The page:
North Carolina is among more than 40 states that produce regular reports on the tax breaks lawmakers have enacted over the decades. But those who try to analyze the breaks say the state could do a much better job describing, explaining and publicizing those tax breaks so that lawmakers, the governor and the public can properly evaluate them.
Alexandra Forter Sirota, director of the N.C. Budget & Tax Center, a nonprofit that advocates for lower income residents, found that out the hard way when the center launched a study to find tax breaks that should be reconsidered. The state reports were so lacking in detail that the center could not put together a good assessment of many tax breaks.
“We found a real lack of data and information out there,” Sirota said. “There was a number of them, the history of them we couldn’t even track down.”
North Carolina’s report is published every other year by the state Department of Revenue. The 130-page report lists every tax break on the books and their estimated cost. The total from the most recent report: $9.2 billion.
The Center on Budget and Policy Priorities, a nonpartisan think tank, evaluated the tax break reports three years ago and found North Carolina’s provide little insight as to why roughly 300 tax breaks are on the books. The reports don’t say when many tax breaks were first enacted, and rarely say how much they have grown or shrunk in cost to the state over the years.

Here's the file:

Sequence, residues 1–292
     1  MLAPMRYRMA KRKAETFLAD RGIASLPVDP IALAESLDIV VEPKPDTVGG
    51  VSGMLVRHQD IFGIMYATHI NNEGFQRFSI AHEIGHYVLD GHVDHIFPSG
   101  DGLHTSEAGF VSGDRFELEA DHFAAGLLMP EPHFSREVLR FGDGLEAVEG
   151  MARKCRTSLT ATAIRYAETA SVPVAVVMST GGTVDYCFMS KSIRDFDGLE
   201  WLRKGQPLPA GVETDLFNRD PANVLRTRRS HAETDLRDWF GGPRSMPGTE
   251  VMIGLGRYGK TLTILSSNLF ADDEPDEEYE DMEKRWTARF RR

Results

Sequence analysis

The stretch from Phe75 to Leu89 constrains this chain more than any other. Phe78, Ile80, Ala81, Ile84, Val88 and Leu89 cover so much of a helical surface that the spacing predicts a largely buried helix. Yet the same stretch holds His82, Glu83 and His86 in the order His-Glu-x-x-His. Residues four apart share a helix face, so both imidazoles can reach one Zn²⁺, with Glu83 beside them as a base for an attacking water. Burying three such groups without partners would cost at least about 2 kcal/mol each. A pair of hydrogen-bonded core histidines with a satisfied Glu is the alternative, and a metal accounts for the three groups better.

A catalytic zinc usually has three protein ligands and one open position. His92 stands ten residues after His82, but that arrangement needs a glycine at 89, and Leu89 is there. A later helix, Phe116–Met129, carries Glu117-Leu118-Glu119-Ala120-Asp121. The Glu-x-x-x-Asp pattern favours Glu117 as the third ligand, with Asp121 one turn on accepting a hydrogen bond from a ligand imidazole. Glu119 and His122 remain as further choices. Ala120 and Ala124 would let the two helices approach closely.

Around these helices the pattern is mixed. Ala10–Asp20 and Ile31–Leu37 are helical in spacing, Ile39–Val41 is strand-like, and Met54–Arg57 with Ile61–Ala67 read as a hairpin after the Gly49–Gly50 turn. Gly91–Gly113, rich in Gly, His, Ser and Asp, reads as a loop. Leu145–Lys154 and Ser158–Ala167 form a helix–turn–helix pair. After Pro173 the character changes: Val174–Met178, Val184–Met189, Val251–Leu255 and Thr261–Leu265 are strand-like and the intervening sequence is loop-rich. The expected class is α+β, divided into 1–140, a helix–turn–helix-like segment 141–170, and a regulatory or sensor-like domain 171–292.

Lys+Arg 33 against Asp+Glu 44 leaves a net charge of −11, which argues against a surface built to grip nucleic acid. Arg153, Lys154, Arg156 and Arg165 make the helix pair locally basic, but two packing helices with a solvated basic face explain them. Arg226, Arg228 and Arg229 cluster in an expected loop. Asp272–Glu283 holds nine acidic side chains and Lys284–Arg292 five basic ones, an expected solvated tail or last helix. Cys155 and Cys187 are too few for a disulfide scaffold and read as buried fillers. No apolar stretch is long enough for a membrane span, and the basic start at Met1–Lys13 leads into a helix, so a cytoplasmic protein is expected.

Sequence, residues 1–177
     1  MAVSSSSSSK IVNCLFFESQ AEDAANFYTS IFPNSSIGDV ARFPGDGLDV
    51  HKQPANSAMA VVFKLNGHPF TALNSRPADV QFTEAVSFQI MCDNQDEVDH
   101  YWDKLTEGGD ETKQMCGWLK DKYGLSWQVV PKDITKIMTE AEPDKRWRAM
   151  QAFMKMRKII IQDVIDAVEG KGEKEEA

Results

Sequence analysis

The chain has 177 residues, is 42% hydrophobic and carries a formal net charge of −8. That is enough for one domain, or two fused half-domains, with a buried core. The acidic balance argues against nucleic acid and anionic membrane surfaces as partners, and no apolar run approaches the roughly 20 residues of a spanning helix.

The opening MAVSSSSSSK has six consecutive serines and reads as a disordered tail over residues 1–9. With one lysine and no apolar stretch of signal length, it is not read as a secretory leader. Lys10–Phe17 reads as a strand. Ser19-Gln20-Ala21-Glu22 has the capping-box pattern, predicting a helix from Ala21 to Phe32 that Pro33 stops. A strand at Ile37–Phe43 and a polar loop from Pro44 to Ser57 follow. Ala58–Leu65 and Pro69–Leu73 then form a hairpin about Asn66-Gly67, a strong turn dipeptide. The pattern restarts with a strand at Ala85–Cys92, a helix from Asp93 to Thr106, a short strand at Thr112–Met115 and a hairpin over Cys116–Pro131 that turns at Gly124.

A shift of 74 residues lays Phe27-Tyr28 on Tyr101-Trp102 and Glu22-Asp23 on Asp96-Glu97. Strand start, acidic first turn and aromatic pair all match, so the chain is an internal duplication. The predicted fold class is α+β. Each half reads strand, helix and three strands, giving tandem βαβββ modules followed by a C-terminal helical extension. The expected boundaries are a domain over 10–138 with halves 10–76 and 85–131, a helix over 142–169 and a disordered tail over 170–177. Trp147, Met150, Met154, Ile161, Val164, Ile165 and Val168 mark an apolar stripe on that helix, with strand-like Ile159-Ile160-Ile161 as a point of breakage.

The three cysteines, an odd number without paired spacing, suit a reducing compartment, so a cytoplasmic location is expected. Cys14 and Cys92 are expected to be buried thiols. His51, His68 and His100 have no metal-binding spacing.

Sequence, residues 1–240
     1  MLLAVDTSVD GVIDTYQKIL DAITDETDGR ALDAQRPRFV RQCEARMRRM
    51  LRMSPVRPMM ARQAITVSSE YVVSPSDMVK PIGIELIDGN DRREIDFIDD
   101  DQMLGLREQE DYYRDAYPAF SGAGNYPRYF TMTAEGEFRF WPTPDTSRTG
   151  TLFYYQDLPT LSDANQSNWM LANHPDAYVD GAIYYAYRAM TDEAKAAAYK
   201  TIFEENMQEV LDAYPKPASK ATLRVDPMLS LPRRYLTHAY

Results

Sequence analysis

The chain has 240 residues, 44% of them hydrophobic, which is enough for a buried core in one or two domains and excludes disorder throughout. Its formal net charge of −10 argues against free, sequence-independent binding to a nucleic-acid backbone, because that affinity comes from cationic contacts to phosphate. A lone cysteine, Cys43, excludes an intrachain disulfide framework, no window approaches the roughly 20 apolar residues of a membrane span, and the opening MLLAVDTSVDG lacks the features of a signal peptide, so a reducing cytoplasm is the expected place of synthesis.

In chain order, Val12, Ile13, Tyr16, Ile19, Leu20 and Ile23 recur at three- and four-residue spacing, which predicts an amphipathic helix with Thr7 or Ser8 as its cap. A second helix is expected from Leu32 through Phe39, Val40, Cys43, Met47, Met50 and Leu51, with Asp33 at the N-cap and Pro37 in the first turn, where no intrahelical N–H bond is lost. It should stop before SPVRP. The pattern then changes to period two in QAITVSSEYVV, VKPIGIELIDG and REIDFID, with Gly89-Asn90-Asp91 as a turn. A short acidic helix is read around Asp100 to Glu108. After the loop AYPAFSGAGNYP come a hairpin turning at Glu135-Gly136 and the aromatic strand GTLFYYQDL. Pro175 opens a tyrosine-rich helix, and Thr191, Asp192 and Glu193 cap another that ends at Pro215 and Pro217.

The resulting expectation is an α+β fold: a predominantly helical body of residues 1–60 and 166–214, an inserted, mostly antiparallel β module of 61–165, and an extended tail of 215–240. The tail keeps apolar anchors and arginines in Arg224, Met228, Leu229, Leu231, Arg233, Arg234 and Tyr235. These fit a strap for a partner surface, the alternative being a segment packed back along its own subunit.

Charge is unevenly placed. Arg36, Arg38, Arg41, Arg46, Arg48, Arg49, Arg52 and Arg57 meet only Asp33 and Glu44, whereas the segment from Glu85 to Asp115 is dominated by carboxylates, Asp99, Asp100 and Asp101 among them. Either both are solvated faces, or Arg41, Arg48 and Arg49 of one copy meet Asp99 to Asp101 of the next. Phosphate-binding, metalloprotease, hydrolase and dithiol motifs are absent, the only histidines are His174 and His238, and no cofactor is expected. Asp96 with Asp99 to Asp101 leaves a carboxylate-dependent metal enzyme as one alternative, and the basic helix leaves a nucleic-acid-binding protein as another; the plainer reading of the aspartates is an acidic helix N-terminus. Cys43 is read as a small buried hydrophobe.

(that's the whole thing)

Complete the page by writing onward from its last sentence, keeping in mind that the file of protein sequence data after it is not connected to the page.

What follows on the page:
The reports don’t explain which tax breaks have grown or by how much. Nor do they explain when many were written, by whom or for what reason. Readers would have to compare old reports with new ones to learn how much the estimated cost of taxes has grown.
Nicholas Johnson, one of the budget and policy report’s authors, said when government and the public don’t see the cost of tax breaks, they make bad decisions when assembling a budget. Without that information, the debate shifts to cutting spending for education, law enforcement, health care and other services, or finding new taxes to pay for them.
“When you take tax breaks off the table, it puts pressure on everything else,” Johnson said.
David Hoyle is a former state senator from Gaston County who served as revenue secretary for Gov. Bev Perdue until January. He was a top tax writer for the Senate for several years. He said as a lawmaker, he paid little attention to the tax break reports, and he added he was as guilty as anyone of putting tax breaks on the books without having a sense as to the cumulative ramifications.
“We did what we did, and sometimes maybe we should have taken a … deeper look at it,” said Hoyle, a Democrat.
But the state also had no tax reports for many of Hoyle’s 18 years as a lawmaker. The biennial reports were ceased after the 1992 report and weren’t started again until the 2004 report. Today, they are simply distributed to lawmakers with no presentation or news release. The next one is due before lawmakers return to Raleigh for the short session next year.
Hoyle said it would be difficult to produce a more informative report amid the staffing cuts that have taken place in the past few years.
A handful of other states are producing more informative reports and paying closer attention to tax breaks. In 2011, for example, Oregon saved $30 million by whittling down tax breaks.